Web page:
Covid-19 third wave sees more under-59s hospitalised
Few more cases in children also reported in Delta-driven surge
Patients younger than 59 have been admitted to hospital in greater numbers during the Delta-driven third wave, according to clinicians on the frontline of the war against Covid-19.
The 50-59 age group has been at increased risk from Covid-19 during the third wave compared to the second wave, with a higher proportion of hospitalisations and deaths in the Western Cape, an analysis of admissions and deaths has found.
And University of Cape Town professor Mary-Ann Davies, director of the Centre for Infectious Disease Epidemiology and Research, said on Friday that a "slightly greater number of Covid-19 cases among children [under 20 years old]" had been reported in this wave, with the proportion of children rising from about 6% of cases to 8%-9%.
Among the few children admitted to hospital with Covid-19, the number and proportion has increased from about 3% to 4% compared to previous waves, she said. However, "the absolute numbers of children admitted remain very small".
Different reasons - unrelated to the Delta variant - could be driving this slight upward trend. The increased availability of testing to more young people who previously did not get tested and schools staying open during this wave (besides the June/July holiday) could have contributed to this, Davies said.
"As a proportion, children are entirely unvaccinated whereas at least some of the adult population is vaccinated in this wave. We have seen lower case numbers in the over-60s, who would be the group where the highest proportion of the population would be vaccinated. As the over-60s make up a smaller proportion, children may therefore make up a greater proportion."
She said the increase in routine testing of all admitted patients to hospital (including for trauma and pre-operation procedures) could be why they had detected a few more children with Covid-19 in hospitals.
Younger age groups may be "slightly more likely" to have the Delta variant than other age groups tested in the public health sector, according to "very preliminary results which need to be confirmed", she said.
Meanwhile, countries such as India, Brazil, Australia and the US are reporting patterns of younger people getting sick and dying, for a range of reasons - not least the vaccination of older people protecting them from hospitalisation - as well as soaring infections with the Delta variant pushing up total case numbers.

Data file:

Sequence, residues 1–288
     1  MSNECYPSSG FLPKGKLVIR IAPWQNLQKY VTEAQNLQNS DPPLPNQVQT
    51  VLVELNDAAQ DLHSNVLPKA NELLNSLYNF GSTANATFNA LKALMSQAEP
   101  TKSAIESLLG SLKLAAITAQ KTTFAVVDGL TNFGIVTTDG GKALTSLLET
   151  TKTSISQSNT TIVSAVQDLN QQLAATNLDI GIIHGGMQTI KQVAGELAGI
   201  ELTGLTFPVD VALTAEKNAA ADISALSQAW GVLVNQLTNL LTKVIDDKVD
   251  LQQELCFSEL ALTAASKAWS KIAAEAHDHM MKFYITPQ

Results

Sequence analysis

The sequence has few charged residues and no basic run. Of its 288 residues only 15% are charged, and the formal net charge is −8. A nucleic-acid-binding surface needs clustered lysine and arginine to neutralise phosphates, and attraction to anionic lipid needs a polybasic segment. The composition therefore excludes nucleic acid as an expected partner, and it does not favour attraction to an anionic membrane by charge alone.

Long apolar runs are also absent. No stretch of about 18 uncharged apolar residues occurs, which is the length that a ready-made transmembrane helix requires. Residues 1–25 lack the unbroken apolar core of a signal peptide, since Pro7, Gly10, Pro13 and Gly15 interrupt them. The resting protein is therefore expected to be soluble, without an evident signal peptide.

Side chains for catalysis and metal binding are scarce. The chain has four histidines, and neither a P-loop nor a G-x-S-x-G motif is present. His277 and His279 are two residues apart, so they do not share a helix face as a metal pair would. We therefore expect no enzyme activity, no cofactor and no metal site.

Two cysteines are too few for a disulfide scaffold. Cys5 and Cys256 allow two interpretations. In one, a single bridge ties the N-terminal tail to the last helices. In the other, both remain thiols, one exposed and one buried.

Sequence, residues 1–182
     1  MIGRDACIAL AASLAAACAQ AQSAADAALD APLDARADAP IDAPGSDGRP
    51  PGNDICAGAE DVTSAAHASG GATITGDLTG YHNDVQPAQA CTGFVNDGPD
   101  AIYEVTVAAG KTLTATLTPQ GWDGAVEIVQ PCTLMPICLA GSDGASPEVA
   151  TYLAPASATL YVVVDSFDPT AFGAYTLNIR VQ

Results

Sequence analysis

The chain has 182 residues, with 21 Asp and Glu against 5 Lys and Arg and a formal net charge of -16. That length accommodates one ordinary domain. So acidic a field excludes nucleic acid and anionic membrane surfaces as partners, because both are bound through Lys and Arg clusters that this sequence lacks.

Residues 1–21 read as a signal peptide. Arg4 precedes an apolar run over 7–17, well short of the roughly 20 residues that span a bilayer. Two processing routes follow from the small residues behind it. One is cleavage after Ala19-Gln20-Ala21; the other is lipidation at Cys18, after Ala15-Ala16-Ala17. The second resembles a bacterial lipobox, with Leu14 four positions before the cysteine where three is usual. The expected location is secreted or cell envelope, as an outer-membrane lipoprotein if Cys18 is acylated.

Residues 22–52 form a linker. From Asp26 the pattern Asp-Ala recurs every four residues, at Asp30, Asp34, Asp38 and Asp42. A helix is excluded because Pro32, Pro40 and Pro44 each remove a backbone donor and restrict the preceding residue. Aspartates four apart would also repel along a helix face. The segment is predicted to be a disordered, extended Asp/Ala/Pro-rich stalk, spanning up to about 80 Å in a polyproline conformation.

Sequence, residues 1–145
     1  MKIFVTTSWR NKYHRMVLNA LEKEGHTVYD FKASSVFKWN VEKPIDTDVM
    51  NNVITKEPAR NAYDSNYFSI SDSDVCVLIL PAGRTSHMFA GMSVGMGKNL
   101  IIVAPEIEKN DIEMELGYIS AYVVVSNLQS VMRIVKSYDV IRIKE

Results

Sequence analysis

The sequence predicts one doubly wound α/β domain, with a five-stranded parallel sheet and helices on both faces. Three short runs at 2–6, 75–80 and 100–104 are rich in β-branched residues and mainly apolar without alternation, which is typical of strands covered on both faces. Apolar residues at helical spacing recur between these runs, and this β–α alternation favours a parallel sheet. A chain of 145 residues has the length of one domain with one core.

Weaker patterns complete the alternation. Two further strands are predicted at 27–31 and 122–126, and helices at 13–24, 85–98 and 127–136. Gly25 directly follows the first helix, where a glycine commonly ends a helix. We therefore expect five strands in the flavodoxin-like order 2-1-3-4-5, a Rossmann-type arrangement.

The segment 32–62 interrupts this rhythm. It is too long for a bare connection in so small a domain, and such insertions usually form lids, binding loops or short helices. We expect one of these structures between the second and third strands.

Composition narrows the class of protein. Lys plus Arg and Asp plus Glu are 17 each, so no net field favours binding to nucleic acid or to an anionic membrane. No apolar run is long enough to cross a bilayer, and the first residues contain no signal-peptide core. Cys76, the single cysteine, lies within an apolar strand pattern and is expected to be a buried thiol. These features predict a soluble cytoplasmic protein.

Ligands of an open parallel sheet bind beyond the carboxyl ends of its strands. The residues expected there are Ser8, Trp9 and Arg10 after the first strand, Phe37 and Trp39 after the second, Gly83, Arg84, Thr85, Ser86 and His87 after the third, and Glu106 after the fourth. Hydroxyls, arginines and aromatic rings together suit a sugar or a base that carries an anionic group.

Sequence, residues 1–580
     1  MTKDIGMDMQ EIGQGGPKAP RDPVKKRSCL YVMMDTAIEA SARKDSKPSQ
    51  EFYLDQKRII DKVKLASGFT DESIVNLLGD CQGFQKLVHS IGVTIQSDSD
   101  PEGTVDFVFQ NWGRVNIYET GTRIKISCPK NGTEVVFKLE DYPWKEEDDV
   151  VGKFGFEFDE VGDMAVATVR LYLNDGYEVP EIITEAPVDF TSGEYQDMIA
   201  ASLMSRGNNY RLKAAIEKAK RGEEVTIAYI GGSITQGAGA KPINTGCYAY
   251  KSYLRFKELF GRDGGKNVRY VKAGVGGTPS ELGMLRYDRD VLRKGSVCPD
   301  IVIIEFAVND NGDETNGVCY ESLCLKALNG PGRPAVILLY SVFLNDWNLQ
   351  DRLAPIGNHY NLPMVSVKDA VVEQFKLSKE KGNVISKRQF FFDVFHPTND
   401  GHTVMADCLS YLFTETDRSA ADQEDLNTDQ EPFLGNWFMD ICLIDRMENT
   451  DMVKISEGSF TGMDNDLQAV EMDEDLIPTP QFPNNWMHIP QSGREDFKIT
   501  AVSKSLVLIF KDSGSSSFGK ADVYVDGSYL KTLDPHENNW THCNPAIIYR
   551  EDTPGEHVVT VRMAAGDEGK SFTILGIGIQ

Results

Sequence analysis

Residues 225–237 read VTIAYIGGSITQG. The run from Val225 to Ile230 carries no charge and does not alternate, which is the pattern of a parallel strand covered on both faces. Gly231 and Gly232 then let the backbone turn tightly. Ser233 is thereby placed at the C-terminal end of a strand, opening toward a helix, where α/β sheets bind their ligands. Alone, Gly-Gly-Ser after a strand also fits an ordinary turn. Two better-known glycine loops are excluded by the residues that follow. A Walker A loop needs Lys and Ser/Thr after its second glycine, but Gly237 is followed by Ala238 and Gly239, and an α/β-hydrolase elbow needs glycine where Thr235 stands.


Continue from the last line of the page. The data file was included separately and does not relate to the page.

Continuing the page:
Doctors and nurses in Cape Town report that they have been treating relatively younger patients in the latest wave compared to the second wave.
One of them is Dr Helen van der Plas, an infectious diseases specialist at the Life Vincent Pallotti Hospital in Cape Town, who has seen young patients with severe symptoms. "However, that is likely a function of vaccination of older persons, and the loss of life or past infections in the older individuals during the previous wave. Of course there are other factors too," she said.
The behaviour of younger people is overall more social, and thus riskier, than that of older groups. Outbreaks during the summer's second wave were linked, for example, to social gatherings among school-leavers.
Research in other countries has flagged the risk that the Delta variant could cause severe disease and hospitalisation.
A new study in India suggests the Delta variant is more virulent and younger patients are at risk of dying. In northern India, deaths rose by nearly half during the latest deadly wave which was driven by the Delta variant, first identified in India. "Mortality increased by almost 40% in wave two, particularly in the younger patients of age less than 45 years," according to the pre-print of the study released on medRxIV.
A study published in The Lancet on June 26 found that the risk of hospitalisation from disease caused by the Delta variant in Scotland nearly doubled compared to the Alpha variant. The results also showed that the patients admitted were mostly younger. But, by then, more than 90% of the older people in the study had been protected by at least a single vaccine dose.
In the US, most older people are vaccinated so, proportionately, more younger and unvaccinated people are in the firing line for hospitalisation, as reports by the Centers for Disease Control and Prevention show.
At this stage there are more questions than answers about the Covid risk to people below 50 but at least two points are clear, say infectious diseases specialists: Covid can hit adults of any age, and vaccinations reduce the risk of death by more than 90%.
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